If you’re here reading this blog, you are probably looking for ways to improve the efficiency of your mobile or modular home. Maybe you’ve noticed cold spots in your home. Perhaps it is always harder to keep one of the rooms in your home comfortable – it is always a little hotter or colder than the other rooms. Maybe you are hoping to have a more energy-efficient home. Whatever the case, taking a look at your home and how it is insulated is a great place to start.
Energy Inefficiency – The Facts
Here are some startling facts about energy consumption and waste in the United States. According to energy.gov, 40% of the energy used in the U.S. is from homes and commercial buildings. The average American will spend about $2,000 a year paying for energy. Research shows that between 10% – 20% of that money is wasted due to drafty homes, air leaks because of lack of air seals, and outdated HVAC systems. That’s $200-$400 EVERY YEAR that is literally just going out the window!
Energy Inefficiency – The Solution
The good news is that there is a solution for this, and it starts with your mobile home’s insulation. But where should you start? The attic? The walls? Well, the National Renewable Energy Laboratory worked with the U.S. Department of Energy to test manufactured homes and their energy effectiveness. They found that heat loss was reduced by 11% when homeowners added insulation to the underbelly of their mobile or modular homes.
What is the Underbelly of a Mobile Home?
The next thing you might be thinking is, “That sounds great! I would love to stop losing heat in my mobile home…but what is the underbelly?” Well, here is the answer. The term “underbelly” describes the entire area beneath your home. However, when we talk about insulating your underbelly, we refer to the area between your floor and your belly board. (We often refer to belly boards as belly wrap, bottom wrap, bottom board, and belly barrier.)
How Should I Insulate the Underbelly?
When answering this question, you will want to consider two things:
- What do you hope to get from your insulation?
- How much are you willing to spend on your insulation?
The most common type of insulation used in homes is fiberglass. Fiberglass can give your home the needed R-values to stop heat conduction; when heat passes from one place to another by physical touch. You can put bats of fiberglass between the floor joists under your home. You can also use blow-in insulation containing tiny bits of fiberglass and cellulose. These types of insulation will do an adequate job when insulating your home, but they have many shortcomings.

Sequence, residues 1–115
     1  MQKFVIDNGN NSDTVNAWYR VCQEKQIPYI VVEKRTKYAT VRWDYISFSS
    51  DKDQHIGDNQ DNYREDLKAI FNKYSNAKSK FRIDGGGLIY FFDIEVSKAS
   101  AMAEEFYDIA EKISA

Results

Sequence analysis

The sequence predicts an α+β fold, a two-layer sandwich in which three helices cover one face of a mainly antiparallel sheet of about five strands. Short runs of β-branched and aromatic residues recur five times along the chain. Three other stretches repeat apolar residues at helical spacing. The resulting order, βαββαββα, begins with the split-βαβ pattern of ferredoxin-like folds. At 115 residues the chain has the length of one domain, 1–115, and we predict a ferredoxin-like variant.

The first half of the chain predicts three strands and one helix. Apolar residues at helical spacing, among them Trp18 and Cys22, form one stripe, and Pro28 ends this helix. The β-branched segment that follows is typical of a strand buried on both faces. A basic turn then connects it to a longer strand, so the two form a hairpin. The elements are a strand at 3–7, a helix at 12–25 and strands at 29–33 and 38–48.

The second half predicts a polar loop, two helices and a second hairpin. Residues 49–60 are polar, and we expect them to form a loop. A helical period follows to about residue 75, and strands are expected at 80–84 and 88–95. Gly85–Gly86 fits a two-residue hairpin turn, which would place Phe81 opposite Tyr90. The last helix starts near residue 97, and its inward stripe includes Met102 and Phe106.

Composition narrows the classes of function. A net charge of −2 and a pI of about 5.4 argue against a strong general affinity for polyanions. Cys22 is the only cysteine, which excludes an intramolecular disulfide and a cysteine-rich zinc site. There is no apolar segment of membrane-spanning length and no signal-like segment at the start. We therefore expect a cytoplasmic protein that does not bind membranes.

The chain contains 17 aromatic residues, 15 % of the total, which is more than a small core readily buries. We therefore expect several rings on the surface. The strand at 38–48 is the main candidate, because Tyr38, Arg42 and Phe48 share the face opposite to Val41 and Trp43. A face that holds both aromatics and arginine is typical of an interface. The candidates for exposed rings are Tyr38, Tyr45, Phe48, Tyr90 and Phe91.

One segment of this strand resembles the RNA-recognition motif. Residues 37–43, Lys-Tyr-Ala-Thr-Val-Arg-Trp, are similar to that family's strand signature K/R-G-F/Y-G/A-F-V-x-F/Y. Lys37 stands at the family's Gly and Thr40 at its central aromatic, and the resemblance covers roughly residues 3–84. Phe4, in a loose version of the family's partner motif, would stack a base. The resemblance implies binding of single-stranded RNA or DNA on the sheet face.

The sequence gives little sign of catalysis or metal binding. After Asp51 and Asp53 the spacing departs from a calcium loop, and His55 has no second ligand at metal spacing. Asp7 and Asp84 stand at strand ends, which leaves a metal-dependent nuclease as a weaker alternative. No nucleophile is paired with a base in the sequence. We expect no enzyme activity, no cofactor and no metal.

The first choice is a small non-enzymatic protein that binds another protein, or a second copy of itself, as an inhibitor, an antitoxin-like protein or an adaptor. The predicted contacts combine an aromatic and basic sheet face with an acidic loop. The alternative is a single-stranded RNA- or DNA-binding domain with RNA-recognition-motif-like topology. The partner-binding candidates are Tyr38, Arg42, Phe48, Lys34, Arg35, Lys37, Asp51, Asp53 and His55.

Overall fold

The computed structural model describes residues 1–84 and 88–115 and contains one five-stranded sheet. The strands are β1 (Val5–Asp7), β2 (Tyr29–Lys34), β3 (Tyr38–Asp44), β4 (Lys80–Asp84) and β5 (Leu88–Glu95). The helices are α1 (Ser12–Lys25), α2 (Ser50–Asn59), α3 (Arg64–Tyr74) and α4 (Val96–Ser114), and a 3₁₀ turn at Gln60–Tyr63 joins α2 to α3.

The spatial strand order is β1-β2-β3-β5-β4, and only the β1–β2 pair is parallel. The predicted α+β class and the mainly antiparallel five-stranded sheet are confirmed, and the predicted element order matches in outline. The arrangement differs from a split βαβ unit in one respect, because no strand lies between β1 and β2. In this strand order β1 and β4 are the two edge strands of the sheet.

One issue you will run into with fiberglass and cellulose is that they lose R-value if they come into contact with moisture. Not only that but once wet, they are excellent breeding grounds for things such as mold and mildew. If fiberglass is not installed correctly, for example, packed too tightly or squished to fit around wires and pipes, it will lose its r-value and be less effective. Eventually, this type of insulation will need replacing as it begins to sag and compress over the years.
Also, these types of insulation do not offer an air-tight seal. Without this air-tight seal, air can pass through your floor. Heat rises.
Foam Insulation for Mobile or Modular Homes
A better option for insulating the underbelly of your mobile home would be to use spray foam. Spray foam offers great R-values as well as a bunch of other significant factors. The foam acts as a vapor barrier, which blocks moisture from getting inside the walls and floors of your home. Therefore, it is not a breeding ground for mold or mildew.
Foam also fills in all of the nooks and crannies in your home to create an air seal that will keep air from freely passing through the floor of your home. Having an air seal means that you will be saving money instead of shelling it out to the energy companies. Not only will this help you stay warm in the winter, but it will help you stay cool in the summer. Lastly, foam doesn’t need replacing. At RetroFoam of the Carolinas, we offer a lifetime warranty that will last the lifetime of your home.
Now that we’ve discussed the benefits of each type of insulation, let’s talk about price. Upfront, fiberglass and blow-in insulations are less expensive than spray foam. However, spray foam will save you money in the long run as it is more energy-efficient and never needs replacing.
If you are interested in learning more about insulating your mobile home, we would love to help you. Please contact us today to ask any questions you might have or to schedule a consultation.